Last Friday thousands of Americans headed to Washington DC, echoing the 1963 March on Washington where Rev. Dr. Martin Luther King Jr. delivered his “I Have a Dream” speech.
Titled the ‘Get Off Our Necks’ Commitment March on Washington, it was a day of action building on the summer of protests over police brutality that were sparked by the murder of George Floyd by an officer’s knee on his neck.
Brooklyn was represented, and we documented the day which started early – the buses departed around 4:00 am, and organizers were observing a multitude of Covid-19 related precautions.
Everyone’s temperatures were checked before boarding, masks, and hand sanitizer distributed.
Protesters from across the country gathered at the mall.
Bklyner caught up with Hollywood Anderson, 28, a recording artist who grew up in Bushwick and was on the bus from Brooklyn.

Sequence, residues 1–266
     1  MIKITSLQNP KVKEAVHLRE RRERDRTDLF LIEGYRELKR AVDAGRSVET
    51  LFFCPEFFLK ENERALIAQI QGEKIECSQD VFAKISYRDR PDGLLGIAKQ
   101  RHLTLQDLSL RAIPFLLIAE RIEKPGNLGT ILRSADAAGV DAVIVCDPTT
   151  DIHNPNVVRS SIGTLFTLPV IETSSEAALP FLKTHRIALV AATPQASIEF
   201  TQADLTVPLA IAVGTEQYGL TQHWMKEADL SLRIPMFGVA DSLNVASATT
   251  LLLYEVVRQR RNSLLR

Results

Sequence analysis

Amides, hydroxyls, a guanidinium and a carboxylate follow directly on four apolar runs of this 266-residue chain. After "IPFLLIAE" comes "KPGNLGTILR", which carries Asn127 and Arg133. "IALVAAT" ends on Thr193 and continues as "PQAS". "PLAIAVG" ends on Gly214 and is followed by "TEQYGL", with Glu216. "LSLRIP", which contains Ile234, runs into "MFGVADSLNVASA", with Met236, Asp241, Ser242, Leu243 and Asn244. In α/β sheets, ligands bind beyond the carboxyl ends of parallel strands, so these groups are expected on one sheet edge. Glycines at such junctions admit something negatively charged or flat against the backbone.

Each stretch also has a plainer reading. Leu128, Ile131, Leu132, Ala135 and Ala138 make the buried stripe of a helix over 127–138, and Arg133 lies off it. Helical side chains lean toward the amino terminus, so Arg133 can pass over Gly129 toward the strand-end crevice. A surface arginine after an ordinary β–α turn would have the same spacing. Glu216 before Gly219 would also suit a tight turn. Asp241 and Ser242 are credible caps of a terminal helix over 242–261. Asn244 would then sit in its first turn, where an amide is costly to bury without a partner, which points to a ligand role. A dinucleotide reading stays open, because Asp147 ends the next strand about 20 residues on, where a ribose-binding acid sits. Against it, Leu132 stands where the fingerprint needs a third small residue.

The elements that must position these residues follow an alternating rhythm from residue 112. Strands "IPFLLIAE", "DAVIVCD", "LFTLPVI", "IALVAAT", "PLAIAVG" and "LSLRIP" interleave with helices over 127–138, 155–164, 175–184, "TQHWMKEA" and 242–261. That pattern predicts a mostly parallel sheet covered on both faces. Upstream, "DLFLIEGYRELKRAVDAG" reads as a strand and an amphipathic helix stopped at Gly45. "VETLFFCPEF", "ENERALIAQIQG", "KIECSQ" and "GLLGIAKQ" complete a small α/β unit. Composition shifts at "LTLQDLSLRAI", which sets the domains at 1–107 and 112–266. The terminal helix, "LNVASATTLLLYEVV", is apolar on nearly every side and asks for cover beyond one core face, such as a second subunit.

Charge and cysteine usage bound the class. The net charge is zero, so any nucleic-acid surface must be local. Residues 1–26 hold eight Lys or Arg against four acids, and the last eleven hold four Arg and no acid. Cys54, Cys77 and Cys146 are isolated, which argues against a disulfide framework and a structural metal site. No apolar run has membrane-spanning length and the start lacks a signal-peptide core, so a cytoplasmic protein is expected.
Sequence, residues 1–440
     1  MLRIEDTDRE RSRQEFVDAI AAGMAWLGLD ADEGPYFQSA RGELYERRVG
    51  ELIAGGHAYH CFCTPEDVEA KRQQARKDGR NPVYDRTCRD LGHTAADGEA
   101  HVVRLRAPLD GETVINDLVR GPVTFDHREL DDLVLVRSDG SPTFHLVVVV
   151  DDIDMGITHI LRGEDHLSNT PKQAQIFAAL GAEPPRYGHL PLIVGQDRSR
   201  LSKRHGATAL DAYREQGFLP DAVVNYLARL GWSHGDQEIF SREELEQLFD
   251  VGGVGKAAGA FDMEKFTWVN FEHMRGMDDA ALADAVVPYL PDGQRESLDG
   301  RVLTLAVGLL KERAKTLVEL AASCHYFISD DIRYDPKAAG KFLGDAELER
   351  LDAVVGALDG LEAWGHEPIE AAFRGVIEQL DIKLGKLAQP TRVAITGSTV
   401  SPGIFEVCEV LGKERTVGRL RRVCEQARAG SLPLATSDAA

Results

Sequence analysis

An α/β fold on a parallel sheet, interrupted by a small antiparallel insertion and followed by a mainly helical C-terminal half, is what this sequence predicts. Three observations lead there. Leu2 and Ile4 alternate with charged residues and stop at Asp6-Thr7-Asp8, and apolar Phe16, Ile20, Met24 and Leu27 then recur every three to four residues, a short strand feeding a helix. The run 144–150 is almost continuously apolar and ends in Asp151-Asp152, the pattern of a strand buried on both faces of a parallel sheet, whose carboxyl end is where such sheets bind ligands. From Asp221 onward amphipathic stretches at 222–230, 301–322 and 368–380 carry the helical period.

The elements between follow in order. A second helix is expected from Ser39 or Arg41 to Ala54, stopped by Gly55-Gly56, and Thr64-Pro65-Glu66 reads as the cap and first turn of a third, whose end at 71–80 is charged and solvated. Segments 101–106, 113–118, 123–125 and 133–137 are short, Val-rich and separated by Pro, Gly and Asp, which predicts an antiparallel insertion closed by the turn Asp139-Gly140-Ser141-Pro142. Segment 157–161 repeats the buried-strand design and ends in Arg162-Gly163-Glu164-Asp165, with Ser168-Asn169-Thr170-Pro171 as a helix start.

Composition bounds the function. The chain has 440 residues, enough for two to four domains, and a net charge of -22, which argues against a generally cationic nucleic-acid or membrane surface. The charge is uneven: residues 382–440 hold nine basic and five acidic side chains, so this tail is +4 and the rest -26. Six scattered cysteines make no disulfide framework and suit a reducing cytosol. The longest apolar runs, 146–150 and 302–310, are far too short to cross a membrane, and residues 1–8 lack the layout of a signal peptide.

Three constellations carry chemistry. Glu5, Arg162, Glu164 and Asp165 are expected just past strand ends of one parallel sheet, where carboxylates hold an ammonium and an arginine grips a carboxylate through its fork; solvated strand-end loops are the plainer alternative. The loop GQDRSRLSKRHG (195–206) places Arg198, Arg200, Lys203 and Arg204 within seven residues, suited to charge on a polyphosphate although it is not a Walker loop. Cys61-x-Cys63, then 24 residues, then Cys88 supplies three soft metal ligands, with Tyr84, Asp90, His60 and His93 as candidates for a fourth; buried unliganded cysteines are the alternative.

We asked Anderson why he decided to head to Washington, DC.
“I’m here to show people that we are not scared today,” he responded. “We are not scared. We are here. The energy is real.”
What was he hoping to accomplish?
“Man, they just got to hear you, man, because you’re not dealing with people that fear you,” Anderson said. “You deal with people who ignore you. So when people don’t fear you they ignore you, you gotta make sure they hear you. When they hear you, they can’t neglect. What they hear was brought to their attention unless they truly don’t like you, to which point we’re not trying to convince that person to like us, we just try to change the hearts that they have access to. They want to share, you know what I’m saying, learn something, be something better by accepting information.”
The main event featured many whose families had suffered from police violence – the Floyds, the Taylors, the Blakes, and public figures like Rev. Al Sharpton, Democratic vice-Presidential candidate Kamala Harris.
Martin Luther King III, Dr. King’s eldest son, reminded the crowd that “We need you to vote as if your lives, our livelihoods, our liberties depend on it. Because they do. There’s a knee upon the neck of democracy, and our nation can only live so long without the oxygen of freedom.”
Yolanda King, 12, his daughter, called on her generation to pick up the fight.
Harris sent this pre-recorded message: